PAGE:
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Aripiprazole, olanzapine, and risperidone appear to increase body fat and change insulin sensitivity in children being treated for disruptive behavior disorders, according to new research presented at the meeting of the American Diabetes Association meeting in San Diego.
Aripiprazole, olanzapine, and risperidone appear to increase body fat and change insulin sensitivity in children being treated for disruptive behavior disorders, according to new research presented at the meeting of the American Diabetes Association in San Diego.
Researchers funded by the National Institute of Mental Health conducted the Metabolic Effects of Antipsychotics in Children (MEAC) study that analyzed the effects of 12 weeks of randomized treatment with aripiprazole, olanzapine, or risperidone on measures of adiposity and insulin sensitivity in 125 children aged 6 to 18 years with disruptive behavior disorders who were not previously treated with antipsychotics.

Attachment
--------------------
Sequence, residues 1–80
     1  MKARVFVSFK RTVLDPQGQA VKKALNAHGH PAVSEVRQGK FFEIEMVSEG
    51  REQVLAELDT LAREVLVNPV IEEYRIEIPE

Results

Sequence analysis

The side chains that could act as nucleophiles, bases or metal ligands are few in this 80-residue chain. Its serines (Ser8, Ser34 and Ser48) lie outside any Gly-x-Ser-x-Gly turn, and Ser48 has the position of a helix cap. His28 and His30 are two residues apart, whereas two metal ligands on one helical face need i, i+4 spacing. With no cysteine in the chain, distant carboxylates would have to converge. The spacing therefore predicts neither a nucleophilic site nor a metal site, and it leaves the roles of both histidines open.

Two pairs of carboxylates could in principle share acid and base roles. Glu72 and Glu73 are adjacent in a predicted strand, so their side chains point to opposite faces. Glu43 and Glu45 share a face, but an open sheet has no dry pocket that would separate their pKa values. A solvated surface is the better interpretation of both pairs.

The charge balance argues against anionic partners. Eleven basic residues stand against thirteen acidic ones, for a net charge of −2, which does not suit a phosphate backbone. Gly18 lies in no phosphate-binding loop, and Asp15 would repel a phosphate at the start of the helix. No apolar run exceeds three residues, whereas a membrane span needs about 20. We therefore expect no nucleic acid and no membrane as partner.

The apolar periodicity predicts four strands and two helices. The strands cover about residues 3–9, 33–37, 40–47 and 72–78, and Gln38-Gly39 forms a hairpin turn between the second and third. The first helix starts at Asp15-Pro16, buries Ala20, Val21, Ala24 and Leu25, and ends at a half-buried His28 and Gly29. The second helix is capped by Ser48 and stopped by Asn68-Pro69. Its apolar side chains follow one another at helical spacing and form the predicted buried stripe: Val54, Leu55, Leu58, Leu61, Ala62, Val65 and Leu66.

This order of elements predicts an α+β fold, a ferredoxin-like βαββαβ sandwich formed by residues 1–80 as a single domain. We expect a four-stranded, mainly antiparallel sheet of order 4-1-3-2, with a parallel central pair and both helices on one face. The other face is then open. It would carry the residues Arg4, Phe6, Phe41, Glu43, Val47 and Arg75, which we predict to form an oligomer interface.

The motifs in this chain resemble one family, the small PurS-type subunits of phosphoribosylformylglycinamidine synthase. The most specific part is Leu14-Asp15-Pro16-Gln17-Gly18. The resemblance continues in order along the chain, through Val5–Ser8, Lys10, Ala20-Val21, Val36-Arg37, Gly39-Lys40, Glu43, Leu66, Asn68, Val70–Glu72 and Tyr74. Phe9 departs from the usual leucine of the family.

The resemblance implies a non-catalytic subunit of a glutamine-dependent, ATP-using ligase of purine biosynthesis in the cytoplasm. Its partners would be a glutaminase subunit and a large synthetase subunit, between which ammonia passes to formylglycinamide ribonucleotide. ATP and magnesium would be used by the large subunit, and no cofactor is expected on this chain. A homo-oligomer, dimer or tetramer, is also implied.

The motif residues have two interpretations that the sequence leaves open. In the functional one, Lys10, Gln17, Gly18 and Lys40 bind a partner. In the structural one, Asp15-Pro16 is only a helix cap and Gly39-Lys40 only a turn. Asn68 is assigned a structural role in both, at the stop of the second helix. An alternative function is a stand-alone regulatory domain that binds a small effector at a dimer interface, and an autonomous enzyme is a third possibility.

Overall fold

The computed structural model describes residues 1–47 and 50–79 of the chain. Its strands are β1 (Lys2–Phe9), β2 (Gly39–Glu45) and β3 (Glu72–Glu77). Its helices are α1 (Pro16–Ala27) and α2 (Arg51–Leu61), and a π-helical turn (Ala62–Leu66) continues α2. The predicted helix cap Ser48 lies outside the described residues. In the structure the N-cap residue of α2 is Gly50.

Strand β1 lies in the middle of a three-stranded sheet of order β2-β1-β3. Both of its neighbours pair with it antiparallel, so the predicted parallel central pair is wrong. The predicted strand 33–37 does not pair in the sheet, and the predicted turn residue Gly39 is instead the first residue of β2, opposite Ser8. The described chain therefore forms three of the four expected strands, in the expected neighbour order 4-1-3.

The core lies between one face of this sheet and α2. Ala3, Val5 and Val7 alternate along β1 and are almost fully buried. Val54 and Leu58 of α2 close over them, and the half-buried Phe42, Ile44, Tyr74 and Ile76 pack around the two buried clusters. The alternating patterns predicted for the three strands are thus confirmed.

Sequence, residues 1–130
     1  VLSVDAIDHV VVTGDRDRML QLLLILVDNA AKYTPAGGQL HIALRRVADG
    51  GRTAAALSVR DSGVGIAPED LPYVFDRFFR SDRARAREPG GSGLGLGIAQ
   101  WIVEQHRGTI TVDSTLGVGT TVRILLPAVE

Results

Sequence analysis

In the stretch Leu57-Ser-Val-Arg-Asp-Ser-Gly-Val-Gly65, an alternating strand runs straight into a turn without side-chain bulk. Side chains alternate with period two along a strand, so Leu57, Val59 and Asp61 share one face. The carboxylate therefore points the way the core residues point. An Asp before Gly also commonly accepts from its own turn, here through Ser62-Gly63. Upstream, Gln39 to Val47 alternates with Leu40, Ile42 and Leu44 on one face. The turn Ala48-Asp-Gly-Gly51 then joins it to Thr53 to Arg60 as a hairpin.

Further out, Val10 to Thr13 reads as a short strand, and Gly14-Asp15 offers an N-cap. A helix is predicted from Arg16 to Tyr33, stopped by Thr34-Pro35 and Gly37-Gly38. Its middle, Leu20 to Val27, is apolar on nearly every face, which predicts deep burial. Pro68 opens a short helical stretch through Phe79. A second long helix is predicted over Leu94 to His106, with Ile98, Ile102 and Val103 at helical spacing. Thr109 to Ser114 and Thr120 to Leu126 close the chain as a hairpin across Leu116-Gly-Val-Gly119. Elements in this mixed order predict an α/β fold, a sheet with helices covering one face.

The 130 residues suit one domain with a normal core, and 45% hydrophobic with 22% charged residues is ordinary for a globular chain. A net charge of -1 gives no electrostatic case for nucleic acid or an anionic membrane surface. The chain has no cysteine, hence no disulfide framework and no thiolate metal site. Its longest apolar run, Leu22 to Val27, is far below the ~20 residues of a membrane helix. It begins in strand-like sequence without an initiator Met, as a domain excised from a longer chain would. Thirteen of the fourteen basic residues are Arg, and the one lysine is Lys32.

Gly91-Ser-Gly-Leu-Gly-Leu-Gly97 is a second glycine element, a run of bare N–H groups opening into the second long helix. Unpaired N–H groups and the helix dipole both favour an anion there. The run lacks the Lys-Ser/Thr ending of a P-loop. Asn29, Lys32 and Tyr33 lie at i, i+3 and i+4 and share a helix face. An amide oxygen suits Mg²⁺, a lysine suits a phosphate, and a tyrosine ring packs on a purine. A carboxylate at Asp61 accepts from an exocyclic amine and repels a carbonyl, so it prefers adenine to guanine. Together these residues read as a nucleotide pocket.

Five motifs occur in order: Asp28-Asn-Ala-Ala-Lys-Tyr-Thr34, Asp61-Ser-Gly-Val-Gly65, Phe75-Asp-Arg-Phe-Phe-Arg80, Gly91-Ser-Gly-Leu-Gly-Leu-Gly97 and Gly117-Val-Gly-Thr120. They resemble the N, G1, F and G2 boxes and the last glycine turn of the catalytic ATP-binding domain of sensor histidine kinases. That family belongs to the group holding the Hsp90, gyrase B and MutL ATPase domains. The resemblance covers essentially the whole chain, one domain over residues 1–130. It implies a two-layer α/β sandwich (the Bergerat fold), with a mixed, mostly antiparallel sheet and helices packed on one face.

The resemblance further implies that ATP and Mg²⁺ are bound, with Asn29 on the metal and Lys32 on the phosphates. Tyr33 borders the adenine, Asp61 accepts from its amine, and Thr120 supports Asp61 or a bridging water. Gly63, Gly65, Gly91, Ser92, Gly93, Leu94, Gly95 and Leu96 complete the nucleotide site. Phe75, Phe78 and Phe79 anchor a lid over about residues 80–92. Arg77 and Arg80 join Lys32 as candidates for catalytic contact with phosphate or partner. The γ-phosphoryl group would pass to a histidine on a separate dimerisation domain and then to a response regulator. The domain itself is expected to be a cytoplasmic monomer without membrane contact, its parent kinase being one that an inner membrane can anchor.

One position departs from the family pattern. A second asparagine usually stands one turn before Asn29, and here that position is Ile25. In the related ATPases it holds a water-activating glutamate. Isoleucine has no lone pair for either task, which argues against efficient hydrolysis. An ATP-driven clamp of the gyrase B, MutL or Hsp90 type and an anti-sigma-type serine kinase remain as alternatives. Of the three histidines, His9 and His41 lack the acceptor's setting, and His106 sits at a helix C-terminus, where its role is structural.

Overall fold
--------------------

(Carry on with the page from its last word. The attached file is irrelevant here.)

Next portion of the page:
Assessments at baseline and again at 12 weeks included body composition analysis with dual energy x-ray absorptiometry and abdominal magnetic resonance imaging, hyperinsulinemic-euglycemic clamps with stable isotopomer tracing, and fasting plasma analyses.
Antipsychotic treatment caused adverse changes in all 3 groups. Body fat increased (PP=.055). Significantly, treatment also resulted in a mean decrease in Aberrant Behavior Checklist irritability/aggression subscale scores by a mean 16.64 points (P=0.520).
Such metabolic effects are associated with increased cardiovascular and diabetes risk, say researchers, and emphasize the importance of balancing potential risks and benefits during use of antipsychotics in pediatric populations.
Newcomer JW, Nicol GE, Yingling MD, Flavin KS, Schweiger JA, Hessler MA. Metabolic effects of antipsychotics in children (MEAC): primary endpoint results. Presented at: 71st Scientific Sessions, American Diabetes Association; June 24-28, 2011; San Diego, CA. Abstract No. 0128-OR.